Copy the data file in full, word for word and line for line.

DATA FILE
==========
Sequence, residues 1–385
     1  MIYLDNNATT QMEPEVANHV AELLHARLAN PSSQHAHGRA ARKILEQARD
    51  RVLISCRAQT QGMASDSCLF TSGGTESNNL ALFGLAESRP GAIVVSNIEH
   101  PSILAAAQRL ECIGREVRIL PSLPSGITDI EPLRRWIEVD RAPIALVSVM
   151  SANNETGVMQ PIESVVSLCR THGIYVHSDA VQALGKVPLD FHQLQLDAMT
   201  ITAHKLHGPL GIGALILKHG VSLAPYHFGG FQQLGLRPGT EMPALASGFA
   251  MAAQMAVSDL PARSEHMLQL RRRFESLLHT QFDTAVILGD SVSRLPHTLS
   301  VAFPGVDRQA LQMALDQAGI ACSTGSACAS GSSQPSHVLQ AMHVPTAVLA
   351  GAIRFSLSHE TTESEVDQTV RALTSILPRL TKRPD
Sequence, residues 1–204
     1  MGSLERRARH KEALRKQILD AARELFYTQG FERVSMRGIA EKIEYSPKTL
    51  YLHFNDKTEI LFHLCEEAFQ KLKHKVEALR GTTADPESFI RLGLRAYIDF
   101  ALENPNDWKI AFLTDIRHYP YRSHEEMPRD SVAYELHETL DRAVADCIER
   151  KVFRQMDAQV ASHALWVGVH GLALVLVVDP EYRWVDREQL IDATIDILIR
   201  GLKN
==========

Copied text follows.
Sequence, residues 1–385
     1  MIYLDNNATT QMEPEVANHV AELLHARLAN PSSQHAHGRA ARKILEQARD
    51  RVLISCRAQT QGMASDSCLF TSGGTESNNL ALFGLAESRP GAIVVSNIEH
   101  PSILAAAQRL ECIGREVRIL PSLPSGITDI EPLRRWIEVD RAPIALVSVM
   151  SANNETGVMQ PIESVVSLCR THGIYVHSDA VQALGKVPLD FHQLQLDAMT
   201  ITAHKLHGPL GIGALILKHG VSLAPYHFGG FQQLGLRPGT EMPALASGFA
   251  MAAQMAVSDL PARSEHMLQL RRRFESLLHT QFDTAVILGD SVSRLPHTLS
   301  VAFPGVDRQA LQMALDQAGI ACSTGSACAS GSSQPSHVLQ AMHVPTAVLA
   351  GAIRFSLSHE TTESEVDQTV RALTSILPRL TKRPD
Sequence, residues 1–204
     1  MGSLERRARH KEALRKQILD AARELFYTQG FERVSMRGIA EKIEYSPKTL
    51  YLHFNDKTEI LFHLCEEAFQ KLKHKVEALR GTTADPESFI RLGLRAYIDF
   101  ALENPNDWKI AFLTDIRHYP YRSHEEMPRD SVAYELHETL DRAVADCIER
   151  KVFRQMDAQV ASHALWVGVH GLALVLVVDP EYRWVDREQL IDATIDILIR
   201  GLKN